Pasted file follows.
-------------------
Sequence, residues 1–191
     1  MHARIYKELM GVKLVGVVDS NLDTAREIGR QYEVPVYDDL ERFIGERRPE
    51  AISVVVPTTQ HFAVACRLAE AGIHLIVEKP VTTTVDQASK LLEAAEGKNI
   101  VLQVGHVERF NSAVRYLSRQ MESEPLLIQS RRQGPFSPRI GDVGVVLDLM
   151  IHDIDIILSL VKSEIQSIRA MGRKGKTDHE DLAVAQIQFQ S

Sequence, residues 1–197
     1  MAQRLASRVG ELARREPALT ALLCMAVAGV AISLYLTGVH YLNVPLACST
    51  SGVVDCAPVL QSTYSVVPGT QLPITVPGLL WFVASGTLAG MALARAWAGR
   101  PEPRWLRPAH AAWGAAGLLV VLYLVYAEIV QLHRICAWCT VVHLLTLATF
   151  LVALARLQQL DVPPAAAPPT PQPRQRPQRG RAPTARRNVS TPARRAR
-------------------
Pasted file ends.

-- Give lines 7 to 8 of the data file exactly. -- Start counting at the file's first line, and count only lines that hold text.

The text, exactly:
     1  MAQRLASRVG ELARREPALT ALLCMAVAGV AISLYLTGVH YLNVPLACST
    51  SGVVDCAPVL QSTYSVVPGT QLPITVPGLL WFVASGTLAG MALARAWAGR